PID is difficult to diagnose because the symptoms are often subtle and mild. Many episodes of PID go undetected because the woman or her health care provider fails to recognize the implications of mild or nonspecific symptoms. Because there are no precise tests for PID, a diagnosis is usually based on clinical findings. If symptoms such as lower abdominal pain are present, a health care provider should perform a physical examination to determine the nature and location of the pain and check for fever, abnormal vaginal or cervical discharge, and for evidence of gonorrheal or chlamydial infection. If the findings suggest PID, treatment is necessary.
The health care provider may also order tests to identify the infection-causing organism (e.g., chlamydial or gonorrheal infection) or to distinguish between PID and other problems with similar symptoms. A pelvic ultrasound is a helpful procedure for diagnosing PID. An ultrasound can view the pelvic area to see whether the fallopian tubes are enlarged or whether an abscess is present. In some cases, a laparoscopy may be necessary to confirm the diagnosis. A laparoscopy is a surgical procedure in which a thin, rigid tube with a lighted end and camera (laparoscope) is inserted through a small incision in the abdomen. This procedure enables the doctor to view the internal pelvic organs and to take specimens for laboratory studies, if needed.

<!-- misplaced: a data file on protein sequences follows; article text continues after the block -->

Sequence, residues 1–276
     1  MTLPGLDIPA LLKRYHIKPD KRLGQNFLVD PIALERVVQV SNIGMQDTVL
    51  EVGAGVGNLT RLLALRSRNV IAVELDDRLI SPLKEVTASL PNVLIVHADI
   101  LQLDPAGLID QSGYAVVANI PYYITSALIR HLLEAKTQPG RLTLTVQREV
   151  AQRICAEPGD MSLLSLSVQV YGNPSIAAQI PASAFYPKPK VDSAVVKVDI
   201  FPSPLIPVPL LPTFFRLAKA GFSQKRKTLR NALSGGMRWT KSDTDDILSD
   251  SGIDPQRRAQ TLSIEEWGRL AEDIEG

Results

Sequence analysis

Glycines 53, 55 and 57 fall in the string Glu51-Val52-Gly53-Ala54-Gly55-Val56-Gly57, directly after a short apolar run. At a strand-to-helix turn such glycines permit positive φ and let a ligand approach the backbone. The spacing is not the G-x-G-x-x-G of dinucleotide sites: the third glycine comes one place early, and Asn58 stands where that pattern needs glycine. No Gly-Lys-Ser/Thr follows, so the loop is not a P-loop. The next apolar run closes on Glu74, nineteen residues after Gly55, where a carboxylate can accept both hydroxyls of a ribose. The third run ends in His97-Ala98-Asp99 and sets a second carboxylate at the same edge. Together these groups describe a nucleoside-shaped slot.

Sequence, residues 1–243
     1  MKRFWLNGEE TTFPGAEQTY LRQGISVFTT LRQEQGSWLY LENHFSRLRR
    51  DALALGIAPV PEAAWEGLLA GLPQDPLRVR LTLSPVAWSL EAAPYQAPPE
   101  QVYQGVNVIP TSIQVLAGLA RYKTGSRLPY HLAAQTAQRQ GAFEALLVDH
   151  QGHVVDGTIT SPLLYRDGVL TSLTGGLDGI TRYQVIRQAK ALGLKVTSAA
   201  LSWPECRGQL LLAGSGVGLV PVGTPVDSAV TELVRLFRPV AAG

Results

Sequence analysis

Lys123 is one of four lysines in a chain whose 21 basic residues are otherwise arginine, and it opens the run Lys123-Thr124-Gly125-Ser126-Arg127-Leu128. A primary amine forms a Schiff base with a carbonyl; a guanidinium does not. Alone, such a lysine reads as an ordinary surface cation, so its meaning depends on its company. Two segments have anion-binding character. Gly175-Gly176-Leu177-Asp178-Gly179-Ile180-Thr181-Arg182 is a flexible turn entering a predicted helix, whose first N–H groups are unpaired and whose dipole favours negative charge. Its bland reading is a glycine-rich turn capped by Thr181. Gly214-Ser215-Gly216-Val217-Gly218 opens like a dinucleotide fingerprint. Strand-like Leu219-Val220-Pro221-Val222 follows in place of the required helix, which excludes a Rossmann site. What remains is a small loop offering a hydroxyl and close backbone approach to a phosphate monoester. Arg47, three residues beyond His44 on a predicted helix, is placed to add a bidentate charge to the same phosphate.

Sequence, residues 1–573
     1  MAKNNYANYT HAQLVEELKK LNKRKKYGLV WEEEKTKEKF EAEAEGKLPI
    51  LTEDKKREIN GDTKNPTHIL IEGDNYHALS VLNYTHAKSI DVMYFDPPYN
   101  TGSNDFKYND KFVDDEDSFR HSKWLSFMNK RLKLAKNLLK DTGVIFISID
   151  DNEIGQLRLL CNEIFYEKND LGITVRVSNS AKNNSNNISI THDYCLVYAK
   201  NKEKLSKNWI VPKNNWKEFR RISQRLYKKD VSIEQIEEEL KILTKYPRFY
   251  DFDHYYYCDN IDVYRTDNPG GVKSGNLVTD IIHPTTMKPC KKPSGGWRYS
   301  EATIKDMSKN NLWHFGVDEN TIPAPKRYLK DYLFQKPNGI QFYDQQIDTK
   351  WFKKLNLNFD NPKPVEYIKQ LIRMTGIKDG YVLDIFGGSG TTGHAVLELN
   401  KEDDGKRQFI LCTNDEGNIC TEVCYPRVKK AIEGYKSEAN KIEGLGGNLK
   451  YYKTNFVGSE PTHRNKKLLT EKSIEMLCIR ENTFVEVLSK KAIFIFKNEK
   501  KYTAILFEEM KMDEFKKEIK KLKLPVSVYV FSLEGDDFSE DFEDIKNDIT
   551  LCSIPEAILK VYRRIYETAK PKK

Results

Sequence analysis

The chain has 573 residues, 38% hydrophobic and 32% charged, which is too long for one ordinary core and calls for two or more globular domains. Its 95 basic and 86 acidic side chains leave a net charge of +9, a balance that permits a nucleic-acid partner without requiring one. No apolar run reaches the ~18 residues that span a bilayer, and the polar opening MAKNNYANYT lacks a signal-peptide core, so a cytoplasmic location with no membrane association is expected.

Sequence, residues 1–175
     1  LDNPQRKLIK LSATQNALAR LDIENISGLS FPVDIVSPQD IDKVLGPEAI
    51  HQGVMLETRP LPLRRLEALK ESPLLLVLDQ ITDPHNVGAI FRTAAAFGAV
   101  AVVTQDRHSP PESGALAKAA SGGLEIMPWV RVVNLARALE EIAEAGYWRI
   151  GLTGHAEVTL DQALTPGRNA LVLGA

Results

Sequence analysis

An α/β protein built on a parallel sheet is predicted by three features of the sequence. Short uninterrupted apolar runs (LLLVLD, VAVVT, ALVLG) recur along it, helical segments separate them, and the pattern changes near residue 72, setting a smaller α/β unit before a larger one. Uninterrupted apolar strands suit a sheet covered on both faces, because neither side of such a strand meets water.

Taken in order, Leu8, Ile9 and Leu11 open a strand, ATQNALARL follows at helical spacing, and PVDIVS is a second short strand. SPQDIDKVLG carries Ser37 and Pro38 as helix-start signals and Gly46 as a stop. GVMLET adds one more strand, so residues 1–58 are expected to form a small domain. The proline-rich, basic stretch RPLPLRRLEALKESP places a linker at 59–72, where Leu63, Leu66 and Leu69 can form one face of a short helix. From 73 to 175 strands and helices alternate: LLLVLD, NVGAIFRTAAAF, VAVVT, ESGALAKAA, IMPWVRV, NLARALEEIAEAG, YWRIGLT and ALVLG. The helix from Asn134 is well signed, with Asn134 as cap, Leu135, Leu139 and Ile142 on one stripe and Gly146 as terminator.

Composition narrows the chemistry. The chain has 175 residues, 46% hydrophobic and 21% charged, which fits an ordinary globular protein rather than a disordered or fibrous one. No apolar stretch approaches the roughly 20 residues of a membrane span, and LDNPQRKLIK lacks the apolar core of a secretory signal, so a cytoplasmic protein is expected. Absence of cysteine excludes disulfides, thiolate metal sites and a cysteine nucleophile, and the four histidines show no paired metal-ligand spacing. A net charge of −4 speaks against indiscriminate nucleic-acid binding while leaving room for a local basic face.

Women can protect themselves from PID by taking action to prevent STIs or by getting early treatment if they do get an STI.
The surest way to avoid transmission of STIs is to abstain from sexual intercourse, or to be in a long-term mutually monogamous relationship with a partner who has been tested and is known to be uninfected.
Latex male condoms, when used consistently and correctly, can reduce the risk of transmission of chlamydia and gonorrhea.
CDC recommends yearly chlamydia testing of all sexually active women age 25 or younger, older women with risk factors for chlamydial infections (those who have a new sex partner or multiple sex partners), and all pregnant women. An appropriate sexual risk assessment by a health care provider should always be conducted and may indicate more frequent screening for some women.
Any genital symptoms such as an unusual sore, discharge with odor, burning during urination, or bleeding between menstrual cycles could mean an STI. If a woman has any of these symptoms, she should stop having sex and consult a health care provider immediately. Treating STIs early can prevent PID. Women who are told they have an STI and are treated for it should notify all of their recent sex partners so they can see a health care provider and be evaluated for STIs. Sexual activity should not resume until all sex partners have been examined and, if necessary, treated.
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Sexually Transmitted Infections (STIs), previously known as Sexually Transmitted Diseases (STDs) are infections and parasites that can be passed between partners during sexual contact: oral, anal, vaginal or skin to genital contact. There are 20 million new cases of STIs reported in the US each year and half those cases are in people ages 15-24. This is why getting STI screenings as soon as one becomes sexually active is key to maintaining sexual health for you and those you love. Because most STIs have no noticeable symptoms seeing your doctor and asking for STI testing as part of a yearly checkup is important for your general and sexual health.
Many have no noticeable symptoms, but some STIs can have serious reproductive health effects for both partners. The only way to protect yourself is to practice safer sex practices and to be tested regularly for STIs by your doctor or our staff and STI clinic NYC.